Over thirty years ago, David posed the following question to his class of graduate students.
“What if an interactive personal computer was combined with a cable TV system?”
David discussed the Qube system, an interactive cable TV system, which by that time was nearly phased out. My students got the concept, later labeled digital convergence. Of course, none of us in the room could perceive that within 25 years hand-held, wireless boxes with more functionality than the Qube cable boxes would be ubiquitous. The future is funny that way, even when you are trying to anticipate it.
Being user-oriented has always marked David’s interactions with computer systems. Though a designer and implementer of systems large and small, and across multiple generations of computer technology, David has always asked “how best can technology serve us?” And that is all technology, whether old or “new” media.
In an academic career that spanned three decades, David first challenged “data processing priests” who insisted that normal people could not make informed decisions about information technology. He witnessed and taught about the disruptive organizational changes that personal computers were causing. He lobbied to teach introductory students issues such as managerial resistance to technology and forward-looking concerns such as digital convergence to a curriculum that was then still too focused on detailing parts of a CPU, teaching binary code tables, and other technical minutiae.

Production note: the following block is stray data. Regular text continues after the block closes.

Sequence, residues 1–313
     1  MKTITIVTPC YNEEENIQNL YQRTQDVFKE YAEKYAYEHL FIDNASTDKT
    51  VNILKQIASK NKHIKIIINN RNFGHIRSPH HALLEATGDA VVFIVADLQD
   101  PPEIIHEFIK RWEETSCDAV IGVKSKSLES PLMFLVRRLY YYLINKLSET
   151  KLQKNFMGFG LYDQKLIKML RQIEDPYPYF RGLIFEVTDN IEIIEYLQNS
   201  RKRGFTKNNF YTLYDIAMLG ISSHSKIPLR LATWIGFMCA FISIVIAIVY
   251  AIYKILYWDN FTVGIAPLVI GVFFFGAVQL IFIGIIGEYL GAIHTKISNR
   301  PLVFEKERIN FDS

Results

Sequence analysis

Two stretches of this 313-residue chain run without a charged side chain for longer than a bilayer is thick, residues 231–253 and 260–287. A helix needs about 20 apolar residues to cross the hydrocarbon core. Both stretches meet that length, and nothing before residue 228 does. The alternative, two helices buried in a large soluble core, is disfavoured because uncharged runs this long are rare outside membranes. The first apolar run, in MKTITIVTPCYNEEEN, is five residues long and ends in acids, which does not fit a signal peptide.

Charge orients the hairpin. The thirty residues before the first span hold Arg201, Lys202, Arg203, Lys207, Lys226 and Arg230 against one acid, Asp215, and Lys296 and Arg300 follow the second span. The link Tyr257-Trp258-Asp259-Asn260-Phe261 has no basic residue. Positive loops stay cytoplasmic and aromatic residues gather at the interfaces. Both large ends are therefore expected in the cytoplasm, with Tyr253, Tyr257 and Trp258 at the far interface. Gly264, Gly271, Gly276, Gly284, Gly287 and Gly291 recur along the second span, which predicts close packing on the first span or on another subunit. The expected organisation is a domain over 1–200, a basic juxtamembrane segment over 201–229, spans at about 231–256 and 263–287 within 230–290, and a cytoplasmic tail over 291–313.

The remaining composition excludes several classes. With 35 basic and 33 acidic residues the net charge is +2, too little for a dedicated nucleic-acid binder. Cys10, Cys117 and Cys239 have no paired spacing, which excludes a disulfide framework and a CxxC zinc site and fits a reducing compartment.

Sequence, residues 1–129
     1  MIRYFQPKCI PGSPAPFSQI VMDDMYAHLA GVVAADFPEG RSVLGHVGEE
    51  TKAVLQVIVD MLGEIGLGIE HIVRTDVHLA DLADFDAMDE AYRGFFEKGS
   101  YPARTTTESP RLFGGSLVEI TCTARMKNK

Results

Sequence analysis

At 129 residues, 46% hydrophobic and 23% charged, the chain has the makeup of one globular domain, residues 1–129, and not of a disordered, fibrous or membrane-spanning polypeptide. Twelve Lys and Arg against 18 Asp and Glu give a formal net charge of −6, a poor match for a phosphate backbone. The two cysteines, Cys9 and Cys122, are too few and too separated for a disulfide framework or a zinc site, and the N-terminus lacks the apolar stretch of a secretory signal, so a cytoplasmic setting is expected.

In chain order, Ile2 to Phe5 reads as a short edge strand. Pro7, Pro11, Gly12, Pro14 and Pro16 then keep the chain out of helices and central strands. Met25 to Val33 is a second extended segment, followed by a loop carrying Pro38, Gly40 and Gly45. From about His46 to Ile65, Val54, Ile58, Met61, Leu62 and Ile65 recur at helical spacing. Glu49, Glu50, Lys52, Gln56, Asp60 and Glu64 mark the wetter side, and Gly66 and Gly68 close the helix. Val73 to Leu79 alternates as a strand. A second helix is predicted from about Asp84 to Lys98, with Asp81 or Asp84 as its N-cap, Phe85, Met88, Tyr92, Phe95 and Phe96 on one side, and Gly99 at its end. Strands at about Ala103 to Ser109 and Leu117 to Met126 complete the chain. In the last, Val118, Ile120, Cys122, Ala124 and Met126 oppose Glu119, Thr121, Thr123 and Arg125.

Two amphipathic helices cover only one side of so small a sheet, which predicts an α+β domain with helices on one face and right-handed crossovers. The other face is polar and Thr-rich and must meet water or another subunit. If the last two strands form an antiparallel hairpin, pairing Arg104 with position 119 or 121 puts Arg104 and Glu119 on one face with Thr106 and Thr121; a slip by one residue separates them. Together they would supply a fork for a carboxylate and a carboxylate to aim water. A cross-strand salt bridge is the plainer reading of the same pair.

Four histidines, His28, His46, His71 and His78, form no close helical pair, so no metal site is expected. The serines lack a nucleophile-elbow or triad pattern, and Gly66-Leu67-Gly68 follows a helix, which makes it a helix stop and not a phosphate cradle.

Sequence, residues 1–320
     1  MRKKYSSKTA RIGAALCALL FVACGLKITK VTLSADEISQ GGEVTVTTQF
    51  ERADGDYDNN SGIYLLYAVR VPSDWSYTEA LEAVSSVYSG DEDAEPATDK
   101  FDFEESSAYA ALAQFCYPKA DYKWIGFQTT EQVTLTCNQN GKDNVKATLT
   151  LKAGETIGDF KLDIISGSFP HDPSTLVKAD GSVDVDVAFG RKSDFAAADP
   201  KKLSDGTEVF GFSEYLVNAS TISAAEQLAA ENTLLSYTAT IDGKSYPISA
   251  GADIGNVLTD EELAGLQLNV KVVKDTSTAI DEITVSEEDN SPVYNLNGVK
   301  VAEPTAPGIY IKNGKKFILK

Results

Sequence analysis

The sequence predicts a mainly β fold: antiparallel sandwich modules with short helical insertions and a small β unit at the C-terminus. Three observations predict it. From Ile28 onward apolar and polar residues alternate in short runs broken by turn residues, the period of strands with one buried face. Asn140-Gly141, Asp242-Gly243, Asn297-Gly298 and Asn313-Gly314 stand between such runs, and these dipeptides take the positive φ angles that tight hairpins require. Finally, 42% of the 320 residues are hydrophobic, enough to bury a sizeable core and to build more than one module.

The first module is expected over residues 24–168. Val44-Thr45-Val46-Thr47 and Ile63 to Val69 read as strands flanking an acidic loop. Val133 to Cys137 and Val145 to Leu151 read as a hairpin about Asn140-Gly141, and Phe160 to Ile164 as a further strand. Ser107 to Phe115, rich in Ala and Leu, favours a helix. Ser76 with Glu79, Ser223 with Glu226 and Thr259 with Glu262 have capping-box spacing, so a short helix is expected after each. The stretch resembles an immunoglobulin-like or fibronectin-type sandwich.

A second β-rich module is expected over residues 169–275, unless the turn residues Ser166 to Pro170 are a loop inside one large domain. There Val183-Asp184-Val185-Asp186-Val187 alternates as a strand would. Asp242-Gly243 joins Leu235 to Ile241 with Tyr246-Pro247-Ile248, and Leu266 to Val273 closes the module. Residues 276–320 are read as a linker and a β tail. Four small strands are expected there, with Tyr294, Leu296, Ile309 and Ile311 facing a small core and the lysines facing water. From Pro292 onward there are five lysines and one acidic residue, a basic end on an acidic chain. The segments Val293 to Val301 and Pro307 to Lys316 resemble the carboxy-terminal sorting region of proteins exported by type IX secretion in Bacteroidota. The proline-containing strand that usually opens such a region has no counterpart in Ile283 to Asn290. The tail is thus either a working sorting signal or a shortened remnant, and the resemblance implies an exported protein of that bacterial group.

Seeking better ways to incorporate instruction into the classroom led David to a novel interdisciplinary doctoral program where pioneers of what then was called new media helped David gain new insights. A turning point was when David was asked to teach a honors seminar whose theme was looking back at the previous 20 years. David’s prepared premise, that more and more we view the world through a “digital filter” caused him to think about the important role that data analysis plays in representing the facts of the world. This had led to his current interest in exploring how to teach statistics and analytics to a general business audience. That “digital filter” premise turned out to be relevant in ways David never imagined when giving that seminar over ten years ago. The future is funny that way.